Another Open Thread


Erik Kain

Erik writes about video games at Forbes and politics at Mother Jones. He's the contributor of The League though he hasn't written much here lately. He can be found occasionally composing 140 character cultural analysis on Twitter.

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101 Responses

  1. Avatar RTod says:

    Barelywine Party! Could we have a rule where everyone drinks barleywine every time someone on cable tv compares something to Hitler?Report

  2. Avatar ThatPirateGuy says:

    I’ve been pretty slacking on video games but tabletop miniatures I have been on fire with.

    I am currently in the process of buying/painting/assembling miniatures for the following games: Malifaux, MERCS, Dystopian Wars, and Warmachine.

    Malifaux is set in a steampunk alternative reality with a wild west/victorian feel. It is a skirmish game that uses a deck of cards instead of dice to resolve attacks etc.

    Mercs is a new skirmish game set in the near (160ish years) in the future well all governments have merged with mega conglomerations. Each side gets a squad of five soldiers and must use tactics, maneuvering, and rolling high on d10’s.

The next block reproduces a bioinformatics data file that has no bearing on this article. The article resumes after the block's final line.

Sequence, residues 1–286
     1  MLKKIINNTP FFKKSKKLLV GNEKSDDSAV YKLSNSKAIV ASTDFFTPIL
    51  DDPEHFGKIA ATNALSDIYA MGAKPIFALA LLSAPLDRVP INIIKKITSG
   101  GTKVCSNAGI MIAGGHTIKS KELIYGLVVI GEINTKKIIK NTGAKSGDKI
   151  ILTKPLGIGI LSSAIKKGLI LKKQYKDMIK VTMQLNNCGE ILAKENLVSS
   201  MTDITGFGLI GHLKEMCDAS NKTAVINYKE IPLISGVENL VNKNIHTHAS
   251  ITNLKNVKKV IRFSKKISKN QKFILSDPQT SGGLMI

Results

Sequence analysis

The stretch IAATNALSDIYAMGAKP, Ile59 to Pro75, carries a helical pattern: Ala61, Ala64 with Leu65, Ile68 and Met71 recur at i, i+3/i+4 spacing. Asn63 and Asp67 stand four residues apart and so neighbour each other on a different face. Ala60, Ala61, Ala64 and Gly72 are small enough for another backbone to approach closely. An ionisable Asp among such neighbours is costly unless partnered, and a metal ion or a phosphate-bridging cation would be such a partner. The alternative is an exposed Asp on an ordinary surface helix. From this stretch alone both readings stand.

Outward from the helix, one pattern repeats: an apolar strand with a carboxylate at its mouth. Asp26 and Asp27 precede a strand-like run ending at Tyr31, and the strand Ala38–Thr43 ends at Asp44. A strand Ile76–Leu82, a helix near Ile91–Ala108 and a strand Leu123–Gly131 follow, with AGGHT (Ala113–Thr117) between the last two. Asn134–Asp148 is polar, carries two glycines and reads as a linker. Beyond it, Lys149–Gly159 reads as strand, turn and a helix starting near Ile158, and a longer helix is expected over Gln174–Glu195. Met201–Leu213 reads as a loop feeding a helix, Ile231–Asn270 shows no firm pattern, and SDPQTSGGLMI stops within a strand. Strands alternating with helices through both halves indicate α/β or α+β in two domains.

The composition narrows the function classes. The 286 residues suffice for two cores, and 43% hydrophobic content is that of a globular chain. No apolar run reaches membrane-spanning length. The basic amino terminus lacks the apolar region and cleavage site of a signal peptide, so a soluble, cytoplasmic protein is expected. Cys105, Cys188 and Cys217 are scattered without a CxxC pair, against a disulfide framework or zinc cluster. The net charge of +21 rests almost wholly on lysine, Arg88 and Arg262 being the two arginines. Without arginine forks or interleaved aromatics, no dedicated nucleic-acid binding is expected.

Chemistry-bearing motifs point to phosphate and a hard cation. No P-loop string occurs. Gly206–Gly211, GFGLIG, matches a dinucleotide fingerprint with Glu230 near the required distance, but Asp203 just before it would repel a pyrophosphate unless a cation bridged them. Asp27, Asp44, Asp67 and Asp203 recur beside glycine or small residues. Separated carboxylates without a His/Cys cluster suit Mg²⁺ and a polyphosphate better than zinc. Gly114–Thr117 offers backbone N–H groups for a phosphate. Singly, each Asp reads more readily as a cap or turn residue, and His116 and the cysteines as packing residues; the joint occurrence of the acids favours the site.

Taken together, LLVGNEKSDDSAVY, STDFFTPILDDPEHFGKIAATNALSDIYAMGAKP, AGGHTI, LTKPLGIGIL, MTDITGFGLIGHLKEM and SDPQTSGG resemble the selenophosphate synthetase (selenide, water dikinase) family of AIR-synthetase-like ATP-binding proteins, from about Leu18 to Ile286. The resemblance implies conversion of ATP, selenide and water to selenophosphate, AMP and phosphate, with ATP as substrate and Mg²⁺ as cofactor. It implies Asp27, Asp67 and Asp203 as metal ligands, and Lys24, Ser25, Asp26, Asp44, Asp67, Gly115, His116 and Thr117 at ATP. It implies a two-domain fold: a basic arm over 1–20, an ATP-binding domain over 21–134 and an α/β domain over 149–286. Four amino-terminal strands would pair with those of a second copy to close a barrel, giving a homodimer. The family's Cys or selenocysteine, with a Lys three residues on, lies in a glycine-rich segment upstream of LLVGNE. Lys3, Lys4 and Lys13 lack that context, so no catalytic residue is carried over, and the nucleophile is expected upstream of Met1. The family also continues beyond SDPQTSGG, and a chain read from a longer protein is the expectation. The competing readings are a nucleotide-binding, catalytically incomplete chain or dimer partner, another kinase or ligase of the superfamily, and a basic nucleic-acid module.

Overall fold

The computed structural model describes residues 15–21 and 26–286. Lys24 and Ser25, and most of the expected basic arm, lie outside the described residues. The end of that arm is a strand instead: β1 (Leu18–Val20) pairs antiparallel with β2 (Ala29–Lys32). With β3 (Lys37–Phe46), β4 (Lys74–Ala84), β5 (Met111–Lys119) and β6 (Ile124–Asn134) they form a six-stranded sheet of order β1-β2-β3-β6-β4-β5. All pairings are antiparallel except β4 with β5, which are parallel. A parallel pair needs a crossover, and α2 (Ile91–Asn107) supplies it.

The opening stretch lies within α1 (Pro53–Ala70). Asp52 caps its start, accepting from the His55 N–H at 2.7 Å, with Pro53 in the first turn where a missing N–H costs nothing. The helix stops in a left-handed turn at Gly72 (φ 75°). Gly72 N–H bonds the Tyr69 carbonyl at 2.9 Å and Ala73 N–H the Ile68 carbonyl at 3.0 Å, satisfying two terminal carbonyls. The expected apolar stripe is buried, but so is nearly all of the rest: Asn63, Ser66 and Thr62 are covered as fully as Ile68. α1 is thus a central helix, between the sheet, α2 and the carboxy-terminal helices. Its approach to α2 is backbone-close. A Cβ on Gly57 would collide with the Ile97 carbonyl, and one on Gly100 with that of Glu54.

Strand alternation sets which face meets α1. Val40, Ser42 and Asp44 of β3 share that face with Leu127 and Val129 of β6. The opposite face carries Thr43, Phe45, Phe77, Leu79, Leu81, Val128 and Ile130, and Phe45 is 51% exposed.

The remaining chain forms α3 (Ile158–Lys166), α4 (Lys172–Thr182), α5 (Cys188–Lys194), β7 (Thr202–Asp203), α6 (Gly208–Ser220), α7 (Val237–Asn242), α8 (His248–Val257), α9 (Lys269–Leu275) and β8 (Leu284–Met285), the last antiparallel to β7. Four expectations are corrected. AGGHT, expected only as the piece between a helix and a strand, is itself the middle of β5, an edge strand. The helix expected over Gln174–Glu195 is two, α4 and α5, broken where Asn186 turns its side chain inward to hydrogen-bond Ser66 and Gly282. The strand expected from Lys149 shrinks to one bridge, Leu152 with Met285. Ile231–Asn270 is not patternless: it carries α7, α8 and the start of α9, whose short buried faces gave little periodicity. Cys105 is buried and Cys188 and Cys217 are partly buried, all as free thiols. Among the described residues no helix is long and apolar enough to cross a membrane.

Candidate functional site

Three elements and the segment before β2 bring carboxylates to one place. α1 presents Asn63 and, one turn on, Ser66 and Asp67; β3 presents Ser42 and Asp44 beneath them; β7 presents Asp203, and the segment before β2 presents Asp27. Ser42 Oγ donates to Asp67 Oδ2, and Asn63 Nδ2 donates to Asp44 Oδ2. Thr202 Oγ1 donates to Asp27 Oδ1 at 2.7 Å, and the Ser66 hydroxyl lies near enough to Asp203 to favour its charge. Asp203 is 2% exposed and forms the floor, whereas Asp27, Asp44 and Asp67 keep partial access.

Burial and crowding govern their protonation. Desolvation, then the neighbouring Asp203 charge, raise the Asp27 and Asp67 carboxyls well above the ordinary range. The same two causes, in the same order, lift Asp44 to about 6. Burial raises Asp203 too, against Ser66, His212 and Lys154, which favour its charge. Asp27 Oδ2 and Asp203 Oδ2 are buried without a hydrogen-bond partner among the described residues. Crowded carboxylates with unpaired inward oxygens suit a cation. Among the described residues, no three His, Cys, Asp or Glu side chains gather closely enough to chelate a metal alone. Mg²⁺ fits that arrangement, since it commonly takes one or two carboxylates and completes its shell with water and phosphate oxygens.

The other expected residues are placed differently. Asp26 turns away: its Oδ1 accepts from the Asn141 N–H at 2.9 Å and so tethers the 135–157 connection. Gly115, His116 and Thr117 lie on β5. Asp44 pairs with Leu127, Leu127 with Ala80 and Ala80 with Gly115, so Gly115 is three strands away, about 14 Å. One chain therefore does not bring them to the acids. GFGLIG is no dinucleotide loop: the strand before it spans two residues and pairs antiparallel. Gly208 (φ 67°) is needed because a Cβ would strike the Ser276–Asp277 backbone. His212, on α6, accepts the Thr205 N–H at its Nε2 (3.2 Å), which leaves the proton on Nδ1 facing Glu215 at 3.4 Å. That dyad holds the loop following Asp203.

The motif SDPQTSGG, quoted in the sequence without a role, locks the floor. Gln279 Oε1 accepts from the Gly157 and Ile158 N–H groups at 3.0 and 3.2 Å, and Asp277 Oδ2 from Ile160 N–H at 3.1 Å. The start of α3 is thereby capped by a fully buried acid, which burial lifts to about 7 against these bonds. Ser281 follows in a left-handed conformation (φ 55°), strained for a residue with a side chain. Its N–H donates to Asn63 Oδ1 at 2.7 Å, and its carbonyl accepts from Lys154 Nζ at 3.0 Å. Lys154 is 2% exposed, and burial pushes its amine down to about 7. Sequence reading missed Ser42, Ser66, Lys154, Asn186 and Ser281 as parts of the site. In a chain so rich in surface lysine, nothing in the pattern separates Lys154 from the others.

Dystopian wars is a naval/air/land combat game set in a steampunk 1870. I am so close to getting my fleet painted that I can taste it.

    Warmachine is a game that uses magic/steampower robots in warfare. The robots can bodyslam and throw other miniatures.

    That is what I am doing with my free time.Report

    • Avatar Jaybird in reply to ThatPirateGuy says:

      Have you explored Descent? (Silly question?)Report

      • Avatar ThatPirateGuy in reply to Jaybird says:

        No but my store has it on the shelves.Report

        • Avatar Jaybird in reply to ThatPirateGuy says:

          We played Descent (coupled with “Road to Legend”) in my gaming group for a year.

          We *ADORED* it. We’ll probably never play it again but it is one helluva game for a group of 4 or, preferably, 5.

          Additionally, you can (and probably will) use the tabletop map pieces (they join together like a puzzle) they give you for, among other things, 4th edition.

          It’s a seriously *AWESOME* game.

          However, it’s probably closer to “entry level gaming” than not.Report

    • Avatar James K in reply to ThatPirateGuy says:

      I’ve been playing Warmachine for about a year now (Cygnar). It’s a really interesting game, you can never tell how it’s going to end until it does.

      I’m just painting up a little Malifaux at the moment. I haven’t played it mcuh yet, but it looks really interesting.Report

  3. Avatar Pat Cahalan says:

    Re-reading Dorothy Sayer’s “Busman’s Honeymoon”, as my “twenty minutes prior to bedtime, need something I’ve read before as a brain turndown”. Also reading Posner’s “A Failure of Capitalism” and Allison & Zelikow’s “Essence of Decision: Explaining the Cuban Missile Crisis”.

    Video games, I’m sadly on hiatus… Civilization III: Conquest when I have time for that sort of thing, which is almost never at the moment. Also enjoying young Jack’s attempts at Lego Star Wars II with the aid of his sister (occasionally, Daddy needs to jump in on a controller to get someone over a jump).Report